Surprise, confusion and frustration pervade reactions to nearly 200 super-downgrades of municipal credit ratings that occurred over the past year.
The Wall Street Journal details reactions by city officials who witnessed ratings drop, and in the 196 cases of super-downgrades, by more than three notches.
Gary Fields, Finance Director for Manassas Park, VA, expected a downgrade “but maybe a notch. Maybe two notches.” He was stunned to see ratings agency Standard and Poor drop the city five-notches from AA- to BBB, far larger than the US Credit rating’s fall to AA+ from AAA.
For downgraded cities, borrowing costs tied to the sale of municipal bonds may increase, which would further strain already tight budgets during this period of economic hardship.
But Shai Francis, Finance Director for St. Lucie County, FL, expressed disbelief for their “mind-boggling” downgrade as a result of “buy[ing] the most secure investment out there – US debt.”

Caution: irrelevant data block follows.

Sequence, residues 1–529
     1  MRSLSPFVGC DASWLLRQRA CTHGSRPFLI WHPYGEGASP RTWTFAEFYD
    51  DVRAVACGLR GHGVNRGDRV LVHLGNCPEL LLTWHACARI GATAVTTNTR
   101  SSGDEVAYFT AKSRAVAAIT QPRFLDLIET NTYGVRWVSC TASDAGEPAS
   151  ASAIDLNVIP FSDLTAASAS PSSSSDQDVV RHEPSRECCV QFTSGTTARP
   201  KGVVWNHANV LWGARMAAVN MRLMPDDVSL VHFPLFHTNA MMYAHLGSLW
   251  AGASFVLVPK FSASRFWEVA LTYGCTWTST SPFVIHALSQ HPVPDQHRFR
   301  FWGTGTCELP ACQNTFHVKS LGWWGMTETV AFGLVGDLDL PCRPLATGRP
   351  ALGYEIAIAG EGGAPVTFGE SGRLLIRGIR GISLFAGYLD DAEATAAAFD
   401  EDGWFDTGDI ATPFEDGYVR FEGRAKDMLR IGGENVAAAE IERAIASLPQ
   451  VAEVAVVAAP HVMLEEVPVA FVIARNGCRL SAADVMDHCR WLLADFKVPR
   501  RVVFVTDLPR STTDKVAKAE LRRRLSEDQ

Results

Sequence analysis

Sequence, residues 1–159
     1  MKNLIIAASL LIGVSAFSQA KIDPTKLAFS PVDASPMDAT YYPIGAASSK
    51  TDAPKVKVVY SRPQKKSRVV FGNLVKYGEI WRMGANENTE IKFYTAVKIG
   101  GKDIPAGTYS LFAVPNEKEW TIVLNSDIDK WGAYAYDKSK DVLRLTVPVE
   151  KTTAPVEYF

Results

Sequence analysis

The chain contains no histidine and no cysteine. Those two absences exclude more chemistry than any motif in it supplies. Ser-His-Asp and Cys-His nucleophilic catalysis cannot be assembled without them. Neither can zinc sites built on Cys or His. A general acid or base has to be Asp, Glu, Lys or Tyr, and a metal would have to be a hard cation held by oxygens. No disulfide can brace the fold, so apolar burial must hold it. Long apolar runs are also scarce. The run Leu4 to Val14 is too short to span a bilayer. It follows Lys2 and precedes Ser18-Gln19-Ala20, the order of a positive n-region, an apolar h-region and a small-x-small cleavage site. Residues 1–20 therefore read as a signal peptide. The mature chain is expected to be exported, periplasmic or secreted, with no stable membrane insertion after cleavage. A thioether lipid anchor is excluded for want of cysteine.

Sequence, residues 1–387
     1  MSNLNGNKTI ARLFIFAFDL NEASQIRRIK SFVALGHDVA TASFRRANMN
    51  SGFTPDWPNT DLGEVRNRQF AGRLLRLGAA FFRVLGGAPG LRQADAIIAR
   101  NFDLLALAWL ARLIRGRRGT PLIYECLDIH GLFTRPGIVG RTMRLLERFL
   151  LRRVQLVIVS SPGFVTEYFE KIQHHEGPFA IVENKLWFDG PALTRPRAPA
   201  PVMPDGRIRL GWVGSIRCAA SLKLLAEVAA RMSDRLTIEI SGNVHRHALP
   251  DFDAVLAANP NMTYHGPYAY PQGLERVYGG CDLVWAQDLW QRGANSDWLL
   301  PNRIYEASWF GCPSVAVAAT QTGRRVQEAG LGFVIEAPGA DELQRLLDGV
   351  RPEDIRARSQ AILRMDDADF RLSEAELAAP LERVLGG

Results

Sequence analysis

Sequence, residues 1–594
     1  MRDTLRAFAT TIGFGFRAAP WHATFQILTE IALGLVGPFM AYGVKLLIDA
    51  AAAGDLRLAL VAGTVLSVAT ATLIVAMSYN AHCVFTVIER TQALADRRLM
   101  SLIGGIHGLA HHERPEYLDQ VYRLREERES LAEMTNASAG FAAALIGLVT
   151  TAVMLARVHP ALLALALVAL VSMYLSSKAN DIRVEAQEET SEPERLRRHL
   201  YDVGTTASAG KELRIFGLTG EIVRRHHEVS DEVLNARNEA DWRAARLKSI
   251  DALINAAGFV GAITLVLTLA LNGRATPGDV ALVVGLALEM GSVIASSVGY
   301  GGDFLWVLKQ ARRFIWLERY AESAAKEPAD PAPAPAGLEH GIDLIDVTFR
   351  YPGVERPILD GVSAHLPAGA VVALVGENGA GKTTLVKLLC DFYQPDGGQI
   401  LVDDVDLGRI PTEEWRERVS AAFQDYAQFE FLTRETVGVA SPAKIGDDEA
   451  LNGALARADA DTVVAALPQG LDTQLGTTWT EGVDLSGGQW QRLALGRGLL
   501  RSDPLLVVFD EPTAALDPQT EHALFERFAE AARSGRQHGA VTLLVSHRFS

Following the initial shock, some municipalities and counties decided to abandon S&P. Steve Ongle, interim Treasurer for Los Angeles, said the city had “really lost faith” in the agency’s judgment following their downgrade from AAA to AA. With that loss, the city opted not to enlist the agency to rate its $7 billion investment portfolio in the future.
While the downgrades are shocking for most communities, they underscore the uncertainty entangling every aspect of our economy. Washington should learn lessons from the super-downgrades and falling confidence in our municipalities’ ability to repay from California to Florida. Washington must implement long-term strategies that cut spending and repay our trillions of dollars of debt.